Eight candidates for state elected offices will be assessed fines from $50 up to $10,000 Tuesday for failing to report their political conflicts of interest on time.
Many of the reported late filers are little-known candidates running for slots in the state Senate or the House of Representatives, although two are independents running for governor and one is in a tight race fighting over an important swing district.
Among the late filers is Keith Clotfelter, a Democrat looking to snag a vulnerable Republican-held seat in the House of Representatives, District 36. GOP Incumbent Chad Faulkner lost in the Aug. 5 primary.
“I think the people have a lot more issues to worry about than that right there,” said Clotfelter, a contractor who has been involved with manufactured housing sales. He owes the state $75 for submitting his conflict of interest statement to the state Election Commission three days late.
He said a worker on his staff mistakenly filed the information after the state’s deadline, but said the campaign would pay the fine soon.
His race will likely be targeted by Democrats and Republicans alike as both parties try to gain seats in the House. Republicans now have a 50-48 advantage in the chamber, with a lone Independent.
Clotfelter said he doesn’t expect his Republican counterpart, Dennis Powers, to make much of an issue out of late paperwork, adding that voters probably don’t care.
“It’s not as big a concern to them,” he said. “It’s a mistake we made and it’s something we’ll rectify.”
Other candidates could face much harsher fines, according to the Bureau of Ethics and Campaign Finance Executive Director Drew Rawlins.
“It’s up to the commission to determine the amount of the actually civil penalty,” said Rawlins.
Individuals are fined $25 for each day the conflict of interest statement is late, he added, however the board may reduce the fines as they see fit.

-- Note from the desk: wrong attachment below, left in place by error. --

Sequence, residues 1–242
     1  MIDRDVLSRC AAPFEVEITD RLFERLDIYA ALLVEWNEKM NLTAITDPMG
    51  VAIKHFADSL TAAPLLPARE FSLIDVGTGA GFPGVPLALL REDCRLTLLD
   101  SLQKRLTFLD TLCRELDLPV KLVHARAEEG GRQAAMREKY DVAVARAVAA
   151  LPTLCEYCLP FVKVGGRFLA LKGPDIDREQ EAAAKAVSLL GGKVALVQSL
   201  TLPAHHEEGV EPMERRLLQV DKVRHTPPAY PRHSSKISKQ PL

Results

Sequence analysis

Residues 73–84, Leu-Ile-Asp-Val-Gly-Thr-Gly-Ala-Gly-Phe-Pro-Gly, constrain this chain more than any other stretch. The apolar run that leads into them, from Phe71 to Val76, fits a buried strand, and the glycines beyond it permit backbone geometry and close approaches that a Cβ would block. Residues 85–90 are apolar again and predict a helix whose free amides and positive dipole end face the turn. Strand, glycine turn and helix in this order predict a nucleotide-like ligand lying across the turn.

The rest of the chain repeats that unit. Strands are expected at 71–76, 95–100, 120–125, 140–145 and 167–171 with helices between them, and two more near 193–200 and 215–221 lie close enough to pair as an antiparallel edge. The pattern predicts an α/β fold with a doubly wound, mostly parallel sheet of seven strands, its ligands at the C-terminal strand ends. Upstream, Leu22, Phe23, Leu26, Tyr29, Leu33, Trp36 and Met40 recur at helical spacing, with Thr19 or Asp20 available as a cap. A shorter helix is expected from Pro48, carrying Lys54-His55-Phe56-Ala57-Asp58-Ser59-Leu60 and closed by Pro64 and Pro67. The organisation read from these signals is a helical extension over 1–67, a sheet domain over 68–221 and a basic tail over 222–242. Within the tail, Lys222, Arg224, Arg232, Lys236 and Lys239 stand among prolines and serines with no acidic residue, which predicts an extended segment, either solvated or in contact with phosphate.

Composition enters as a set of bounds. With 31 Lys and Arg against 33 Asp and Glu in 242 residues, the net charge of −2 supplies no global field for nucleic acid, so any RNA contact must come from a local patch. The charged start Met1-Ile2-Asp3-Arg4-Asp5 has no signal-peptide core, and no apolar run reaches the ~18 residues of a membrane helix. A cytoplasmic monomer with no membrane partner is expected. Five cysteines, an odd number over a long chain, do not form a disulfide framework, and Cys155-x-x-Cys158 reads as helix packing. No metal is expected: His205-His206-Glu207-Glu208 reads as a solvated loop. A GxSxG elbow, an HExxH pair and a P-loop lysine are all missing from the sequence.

Candidates who fail to file that information with the state after 30 days can be assessed up to a $10,000 penalty, he said. However, the board has full discretion to set the fine at a lower amount or dismiss the charges.
Although the Ethics Commission reviews compliance for all political candidates regardless of party, the six-member body does not include Independents.
The commission is made up of three Democrats and three Republicans. The governor, House speaker and lieutenant governor each appoint a member from each party to serve a four-year term which includes hearing and determining ethics violations and fines.
Jay Kalbes, an Independent running for the solid Republican 45th district owes Tennessee as much as $10,000 for submitting his paperwork 56 days late. He is running against Rep. Debra Maggart and Democrat Charles Ihrig in the November election. All three candidates are from Hendersonville.
Priscilla G. Steele and Mitzi Turnage both lost their primary elections. Steele, who wanted to run as a Republican against now-Independent House Speaker Kent Williams in upper East Tennessee, owes up to $10,000 for revealing her conflicts of interest 32 days late.
Turnage lost to Democratic Rep. Joe Towns of Memphis in the primary election but now could owe up to $10,000 for turning in her documents 58 days late.
Other political candidates facing possible fines from the state election commission include Thomas Ken Owens, a Democrat who faces off against sitting Republican state Sen. Rusty Crowe of Johnson City. He owes the state $50 for submitting his paperwork two days late.
Independent gubernatorial candidates Boyce McCall, Sr., and Howard Switzer both owe the state $50 for filing their conflict of interest paperwork day days late.
The state Attorney General’s office would collect on any outstanding or unpaid penalties.
The board will meet for the third time this year on Tuesday and decide whether to reduce fines for any of the candidates. The six-member body will also assess similar penalties for 51 local candidates, five office holders, one lobbyist and seven employers of lobbyists.